People who’ve been fully vaccinated for COVID-19 can travel within the U.S. without getting tested or quarantining after their trips because they are less likely to get and spread the virus, the Centers for Disease Control and Prevention said Friday.
They can also travel to other countries without getting tested first, unless it is required by their destination, and don’t need to self-quarantine when they return to the U.S. unless their locality demands it.
However, fully vaccinated Americans should still present a negative test before boarding an international flight back to the U.S. and get tested three to five days after returning home.
The CDC also recommends that vaccinated travelers wear masks and practice physical distancing. Approved vaccines are highly effective at staving off the coronavirus but aren’t perfect, and scientists are studying the extent to which a vaccinated person can spread the virus, as case counts remain high.
“The science on COVID-19 is constantly evolving. We will continue to monitor the evidence and provide updates as we learn more,” CDC Director Rochelle Walensky said at a White House COVID-19 briefing.
She said the agency isn’t advocating travel but felt it had to weigh in on its safety for fully vaccinated persons, based on the latest science. Air travel is picking up, anyway, with Transportation Security Administration screenings starting to approach levels not seen since March 2020.
Air travel is picking up, anyway, with Transportation Security Administration screenings starting to reach levels not seen since the start of the pandemic.
The TSA screened roughly 1.5 million travelers on Thursday compared to 124,000 on April 1 of last year — still far short, however, of the 2.4 million checked on that date in 2019.
Easter is on Sunday, so more people might travel to see family, and countries like Iceland are letting fully vaccinated persons from outside the European Union enter their country without dealing with border measures.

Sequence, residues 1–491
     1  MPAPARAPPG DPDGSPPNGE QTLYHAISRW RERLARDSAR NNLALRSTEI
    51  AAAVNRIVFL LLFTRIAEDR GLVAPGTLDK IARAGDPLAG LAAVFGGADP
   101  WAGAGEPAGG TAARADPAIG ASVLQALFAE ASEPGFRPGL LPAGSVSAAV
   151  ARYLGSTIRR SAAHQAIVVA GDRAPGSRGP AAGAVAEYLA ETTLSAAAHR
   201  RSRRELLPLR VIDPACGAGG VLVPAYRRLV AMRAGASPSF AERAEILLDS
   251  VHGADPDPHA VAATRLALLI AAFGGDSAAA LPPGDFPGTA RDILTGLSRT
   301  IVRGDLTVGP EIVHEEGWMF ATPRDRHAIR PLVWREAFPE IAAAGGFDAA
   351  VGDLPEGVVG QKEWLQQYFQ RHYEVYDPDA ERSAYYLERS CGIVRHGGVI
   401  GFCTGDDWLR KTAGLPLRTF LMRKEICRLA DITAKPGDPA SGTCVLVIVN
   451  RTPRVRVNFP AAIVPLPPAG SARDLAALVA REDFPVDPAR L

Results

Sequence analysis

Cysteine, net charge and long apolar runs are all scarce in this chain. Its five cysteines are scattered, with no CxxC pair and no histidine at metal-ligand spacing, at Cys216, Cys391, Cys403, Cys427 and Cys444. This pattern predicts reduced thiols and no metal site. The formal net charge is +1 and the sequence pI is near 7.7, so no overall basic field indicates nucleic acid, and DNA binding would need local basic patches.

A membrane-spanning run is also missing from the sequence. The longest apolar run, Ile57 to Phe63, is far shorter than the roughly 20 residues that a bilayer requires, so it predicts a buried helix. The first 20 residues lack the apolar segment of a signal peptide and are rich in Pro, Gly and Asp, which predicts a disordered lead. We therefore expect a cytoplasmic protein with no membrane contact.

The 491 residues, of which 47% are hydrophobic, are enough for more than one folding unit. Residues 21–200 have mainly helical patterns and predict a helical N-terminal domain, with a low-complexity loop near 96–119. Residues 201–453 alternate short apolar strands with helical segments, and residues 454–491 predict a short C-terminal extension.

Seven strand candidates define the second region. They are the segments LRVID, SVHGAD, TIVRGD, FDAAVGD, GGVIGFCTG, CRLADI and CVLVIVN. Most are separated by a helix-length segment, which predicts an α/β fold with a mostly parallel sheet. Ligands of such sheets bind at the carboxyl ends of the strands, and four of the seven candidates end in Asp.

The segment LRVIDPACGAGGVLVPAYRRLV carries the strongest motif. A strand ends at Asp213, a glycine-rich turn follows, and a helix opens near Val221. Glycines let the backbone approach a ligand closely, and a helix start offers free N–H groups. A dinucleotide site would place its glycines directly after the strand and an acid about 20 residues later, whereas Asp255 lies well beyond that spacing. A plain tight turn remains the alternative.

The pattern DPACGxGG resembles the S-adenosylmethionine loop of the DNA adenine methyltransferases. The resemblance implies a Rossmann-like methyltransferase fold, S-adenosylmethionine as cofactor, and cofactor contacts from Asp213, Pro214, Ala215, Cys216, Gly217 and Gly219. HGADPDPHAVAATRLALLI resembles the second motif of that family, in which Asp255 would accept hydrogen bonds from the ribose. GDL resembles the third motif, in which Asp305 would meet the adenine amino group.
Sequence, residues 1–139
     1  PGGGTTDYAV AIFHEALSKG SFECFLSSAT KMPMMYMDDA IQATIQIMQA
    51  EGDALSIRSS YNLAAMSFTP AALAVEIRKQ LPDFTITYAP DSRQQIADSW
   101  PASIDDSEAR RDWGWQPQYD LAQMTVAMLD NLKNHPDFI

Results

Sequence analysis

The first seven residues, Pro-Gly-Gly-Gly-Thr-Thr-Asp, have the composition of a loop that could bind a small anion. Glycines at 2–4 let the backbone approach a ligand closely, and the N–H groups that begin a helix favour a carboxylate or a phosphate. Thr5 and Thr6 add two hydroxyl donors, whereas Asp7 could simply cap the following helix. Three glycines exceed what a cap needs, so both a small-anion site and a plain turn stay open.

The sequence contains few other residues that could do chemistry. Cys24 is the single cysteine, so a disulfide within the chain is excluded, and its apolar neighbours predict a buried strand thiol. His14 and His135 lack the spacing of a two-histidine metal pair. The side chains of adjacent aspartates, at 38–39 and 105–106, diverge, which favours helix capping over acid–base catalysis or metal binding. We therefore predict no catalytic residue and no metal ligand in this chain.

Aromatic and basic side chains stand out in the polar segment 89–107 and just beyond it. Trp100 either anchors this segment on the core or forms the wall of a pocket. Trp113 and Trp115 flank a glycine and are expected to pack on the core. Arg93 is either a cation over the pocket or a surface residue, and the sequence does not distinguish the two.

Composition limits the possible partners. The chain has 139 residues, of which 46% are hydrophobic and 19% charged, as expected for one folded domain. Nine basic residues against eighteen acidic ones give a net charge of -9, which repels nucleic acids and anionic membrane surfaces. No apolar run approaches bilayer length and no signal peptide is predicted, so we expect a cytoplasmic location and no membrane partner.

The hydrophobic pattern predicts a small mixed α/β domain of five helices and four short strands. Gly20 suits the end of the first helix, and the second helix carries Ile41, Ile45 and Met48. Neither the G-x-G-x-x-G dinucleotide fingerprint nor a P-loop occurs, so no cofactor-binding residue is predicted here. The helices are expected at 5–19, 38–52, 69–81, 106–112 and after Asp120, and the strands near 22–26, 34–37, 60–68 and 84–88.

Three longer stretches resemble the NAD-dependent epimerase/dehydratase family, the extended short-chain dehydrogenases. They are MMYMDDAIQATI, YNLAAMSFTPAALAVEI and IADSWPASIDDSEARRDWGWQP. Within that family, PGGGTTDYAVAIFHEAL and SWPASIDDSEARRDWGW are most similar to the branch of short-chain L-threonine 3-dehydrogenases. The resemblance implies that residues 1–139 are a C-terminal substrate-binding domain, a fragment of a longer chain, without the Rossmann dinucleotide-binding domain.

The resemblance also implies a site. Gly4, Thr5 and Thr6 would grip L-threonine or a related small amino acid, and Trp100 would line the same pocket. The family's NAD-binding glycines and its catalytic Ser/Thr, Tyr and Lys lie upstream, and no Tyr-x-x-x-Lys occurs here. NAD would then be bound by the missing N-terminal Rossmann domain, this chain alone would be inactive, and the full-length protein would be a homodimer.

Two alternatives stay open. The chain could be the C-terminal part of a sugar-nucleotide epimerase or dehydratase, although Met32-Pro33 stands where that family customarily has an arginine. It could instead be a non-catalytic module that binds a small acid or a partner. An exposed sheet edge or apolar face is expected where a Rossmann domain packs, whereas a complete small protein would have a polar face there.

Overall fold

The CDC is also under pressure to let vaccinated people know what they can do — instead of reiterating pandemic restrictions — as the U.S. administers an average of 3 million shots per day and officials tout their efficacy.
Critics questioned the lack of travel guidance when the CDC released advice on household gatherings weeks ago, saying a green light to venture out would prod more people to roll up their sleeves.
Roughly 100 million Americans have received at least one dose of an approved vaccine in the U.S., or about 30% of the population, but the country has a long way to go in getting to its target of getting 70%-85% of the population fully vaccinated to achieve herd immunity.
A person is considered fully vaccinated two weeks after receiving the second shot of the two-dose Pfizer-BioNTech or Moderna vaccines or the one-shot Johnson & Johnson version.
The CDC discourages travel among unvaccinated persons. It says these travelers should be tested one-to-three days before domestic travel and again three to five days after travel.
They should self-quarantine for seven days after travel, or 10 days if they don’t seek testing after their trips.
Dr. Walensky said Friday that she remains worried about the trajectory of the pandemic, as the rolling average of daily cases edges up after weeks of steady decline earlier this year.
“We are at 64,000 new COVID cases today, and our numbers continue to increase,” the director said.
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